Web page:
NOT so long ago just about every saloon in the executive car park would have been a diesel - middle managers, directors, almost all the bosses.
But things are changing. Perhaps the climate of public opinion is partly responsible following the ‘Dieselgate' issue and the reality is high performance petrol engines are gradually becoming more efficient.
Today's smaller, turbocharged petrols provide that appealing blend of strong mid-range acceleration with acceptable economy. Plus the bonus of much quieter running which few diesels can match.
One of the best examples is the Jaguar XE 2.0, which at a tad over £33,000 represents something of a snip for a 155mph sports saloon that will see off the 62mph dash in less than seven seconds.
With an eight-speed automatic gearbox it naturally takes on the role as a stylish yet practical motorway express which won't bust the bank on running charges.
Although the diesel versions of the XE still win on CO2 emissions and outright economy, the petrol models are currently capturing about a third of sales - double what the firm anticipated.
The XE followed in the tyre tracks of the successful XF, to challenge BMW's big selling 3 Series, Mercedes C-Class and the Audi A4 range.
With a hefty 237bhp to call on, together with turbo punch at relatively low revs, it's hardly surprising the XE picks up its heels well. Of course, it's all done with a high degree of refinement and ease.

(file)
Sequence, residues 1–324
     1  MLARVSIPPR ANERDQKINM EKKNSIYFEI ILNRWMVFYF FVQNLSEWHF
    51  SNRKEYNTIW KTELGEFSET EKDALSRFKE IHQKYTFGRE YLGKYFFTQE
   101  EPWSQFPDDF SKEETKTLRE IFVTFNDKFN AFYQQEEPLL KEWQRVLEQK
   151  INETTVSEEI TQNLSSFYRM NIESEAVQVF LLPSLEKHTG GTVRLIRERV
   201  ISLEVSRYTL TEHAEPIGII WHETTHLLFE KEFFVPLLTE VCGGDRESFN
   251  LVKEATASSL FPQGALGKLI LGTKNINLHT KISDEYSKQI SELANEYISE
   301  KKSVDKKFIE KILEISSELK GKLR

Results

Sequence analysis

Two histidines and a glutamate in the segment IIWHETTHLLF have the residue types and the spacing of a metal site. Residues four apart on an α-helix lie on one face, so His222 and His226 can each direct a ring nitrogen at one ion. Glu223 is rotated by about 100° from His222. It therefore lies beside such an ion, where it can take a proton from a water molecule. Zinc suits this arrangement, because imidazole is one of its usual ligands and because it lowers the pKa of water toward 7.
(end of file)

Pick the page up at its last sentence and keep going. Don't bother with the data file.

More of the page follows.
I drove the R-Sport version which gets a more sporty focus by including bigger wheels, subtle body-kit and stiffer suspension.
The automatic gearbox is smooth and effortless if a bit slow-witted at times. This can be overcome if you are happy to bring the steering wheel paddles into play. Neither of the two 2.0-litre petrols are available with manual gearboxes.
Steering and ride, two Jaguar strong points, are qualities that lift the XE above its rivals. Its ability to turn into bends sharply and pass back oodles of road information to the driver are a continued source of pleasure.
The ride is calm and composed yet there's a minimum of roll thanks both to the excellent chassis and the well-damped suspension.
Although it excels as a motorway express, the XE also thrives on tight bends of b-roads.
A choice of driving modes are available but I tended to remain in ‘dynamic' which sharpens responses and adds a tad of weight to the steering.
Official economy stats indicate the 240 manages 37.7mpg combined and most drivers should get within five mpg of this figure. My average was 33.5mpg.
The cabin might not be quite up to Audi standards of build and style but it's a pleasant place to be with clear dials and easy-to-use switchgear. The sat nav system is touch screen and somewhat fiddly to operate, however.
Space up front is good with ample shoulder and legroom. Those in the back may find legroom a bit cramped though. The conventional rear boot is regularly shaped and big enough for most families.